Greek Street, vol. 1

Summary: Lust, rage, pride, vengeance– these are the appetites that drove the tales and tragedies of the ancient Greeks. Now, on the streets of modern-day London, everything old is new again. The dark desires that doomed the likes of Oedipus, Agamemnon and Medea are calling to a new breed of royals and rogues. Strippers and psychics, cops and killers, peers of the realm and lords of the city – all of them have their part to play in a deadly drama that’s thousands of years old, yet always needs new blood to spill…

One of the most acclaimed storytellers of his generation, writer Peter Milligan (HUMAN TARGET, SHADE THE CHANGING MAN, X-Statix) is joined by artist Davide Gianfelice (NORTH-LANDERS) for this unflinching fusion of classical and the contemporary.

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Greek Street, vol. 1, by Peter Milligan and Davide Gianfelice 7.5

I’m really not up to speed on Greek mythology, but I get the feeling that this probably helped in reading this first anthology of ‘Greek Street’. Similarly to ‘Fables’, which revamped fantasy literature characters, ‘Greek Street’ is very loosely based on the originals.

I found ‘Fables‘ hard to swallow at times, being more familiar with those classics, so I am delighted with my blissful ignorance in this case; I suspect that the liberties taken with Agamemnon, Cassandra, Daedalus, Oedipus, et al, would bother me no end.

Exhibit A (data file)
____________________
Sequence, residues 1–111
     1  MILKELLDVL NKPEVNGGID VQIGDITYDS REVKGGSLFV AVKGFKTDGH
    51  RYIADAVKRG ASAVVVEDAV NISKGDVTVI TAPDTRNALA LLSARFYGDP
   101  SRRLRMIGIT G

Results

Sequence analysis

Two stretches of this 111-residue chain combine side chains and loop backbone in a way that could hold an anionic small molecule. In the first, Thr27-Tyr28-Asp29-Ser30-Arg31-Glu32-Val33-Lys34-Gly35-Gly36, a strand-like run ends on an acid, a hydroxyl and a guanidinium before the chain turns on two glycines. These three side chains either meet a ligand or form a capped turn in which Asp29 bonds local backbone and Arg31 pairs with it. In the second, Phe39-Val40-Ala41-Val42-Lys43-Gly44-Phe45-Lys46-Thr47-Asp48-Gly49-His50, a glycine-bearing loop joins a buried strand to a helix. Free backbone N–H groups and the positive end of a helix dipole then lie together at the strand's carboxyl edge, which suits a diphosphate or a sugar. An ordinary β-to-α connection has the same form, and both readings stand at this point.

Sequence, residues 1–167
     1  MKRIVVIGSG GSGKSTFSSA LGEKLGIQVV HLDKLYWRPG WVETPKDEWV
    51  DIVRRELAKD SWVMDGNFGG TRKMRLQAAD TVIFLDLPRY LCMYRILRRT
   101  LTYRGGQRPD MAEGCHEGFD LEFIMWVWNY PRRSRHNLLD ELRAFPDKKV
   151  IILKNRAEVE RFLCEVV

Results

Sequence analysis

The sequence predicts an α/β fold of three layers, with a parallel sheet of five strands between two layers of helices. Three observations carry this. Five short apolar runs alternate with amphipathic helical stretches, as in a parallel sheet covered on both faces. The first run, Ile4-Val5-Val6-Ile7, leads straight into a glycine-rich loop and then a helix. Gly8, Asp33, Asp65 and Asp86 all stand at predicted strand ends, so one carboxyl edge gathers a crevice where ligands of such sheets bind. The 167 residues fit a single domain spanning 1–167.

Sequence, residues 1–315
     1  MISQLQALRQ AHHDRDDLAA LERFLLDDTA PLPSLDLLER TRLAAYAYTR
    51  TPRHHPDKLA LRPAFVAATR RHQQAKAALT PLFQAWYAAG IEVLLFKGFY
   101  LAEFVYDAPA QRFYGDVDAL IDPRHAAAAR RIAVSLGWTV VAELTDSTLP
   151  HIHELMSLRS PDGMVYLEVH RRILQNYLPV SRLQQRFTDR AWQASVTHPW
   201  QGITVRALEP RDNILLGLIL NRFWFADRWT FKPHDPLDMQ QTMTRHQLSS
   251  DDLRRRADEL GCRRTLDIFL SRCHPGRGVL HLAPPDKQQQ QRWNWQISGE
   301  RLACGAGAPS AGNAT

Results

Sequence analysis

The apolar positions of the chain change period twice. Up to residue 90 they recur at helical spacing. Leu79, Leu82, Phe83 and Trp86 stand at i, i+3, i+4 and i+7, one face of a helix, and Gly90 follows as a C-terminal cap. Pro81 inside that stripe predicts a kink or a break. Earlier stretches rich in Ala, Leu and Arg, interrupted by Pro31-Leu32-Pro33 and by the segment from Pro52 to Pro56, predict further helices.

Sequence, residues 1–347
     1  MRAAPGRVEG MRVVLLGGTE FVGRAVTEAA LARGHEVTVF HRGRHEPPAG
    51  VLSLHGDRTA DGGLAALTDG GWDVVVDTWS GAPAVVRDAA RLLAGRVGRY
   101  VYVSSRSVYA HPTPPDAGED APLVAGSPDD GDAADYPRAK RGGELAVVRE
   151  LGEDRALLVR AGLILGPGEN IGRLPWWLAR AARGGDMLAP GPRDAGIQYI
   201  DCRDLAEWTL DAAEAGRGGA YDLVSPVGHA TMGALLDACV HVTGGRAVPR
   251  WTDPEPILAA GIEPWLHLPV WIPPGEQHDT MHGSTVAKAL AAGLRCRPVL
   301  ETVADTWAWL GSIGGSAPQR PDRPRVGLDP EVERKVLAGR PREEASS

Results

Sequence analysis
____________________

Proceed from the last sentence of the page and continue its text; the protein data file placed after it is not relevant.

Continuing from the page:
In fact, after doing a quick wiki read of some of the characters, I see that Milligan barely echoed their true forms, creating instead tenuous connections between them. Oedipus, for instance, doesn’t wed and marry his mother in the ‘Greek Street’ interpretation.

Having said this, from an outsider’s point of view, I quite enjoyed this particular tale of London’s criminal underground mixed in with supernatural elements. In fact, I enjoyed it enough that would love to read more of the series (which was sadly cancelled after 16 issues).

The artwork is decent, but nothing exceptional. It translates the material well, but doesn’t transcend it. The lines are clear, there’s just enough detail and the coloring is relatively standard-fare (i.e. no fancy airbrushing here). Actually, I’m curious to see if this is Gianfelice’s traditional style or if he adapted it to the material.

All this to say that ‘Greek Street’ is not at all a bad series. It’s not for purists, or for die-hard fans of Greek mythology, but it might amuse the more forgiving ones. As for me, it put a smile on my face, so I’ve decided to track down Milligan’s other original works to see what else he’s been up to. If his writing is always as solid as this, there will no doubt be a few nice surprises along the way.

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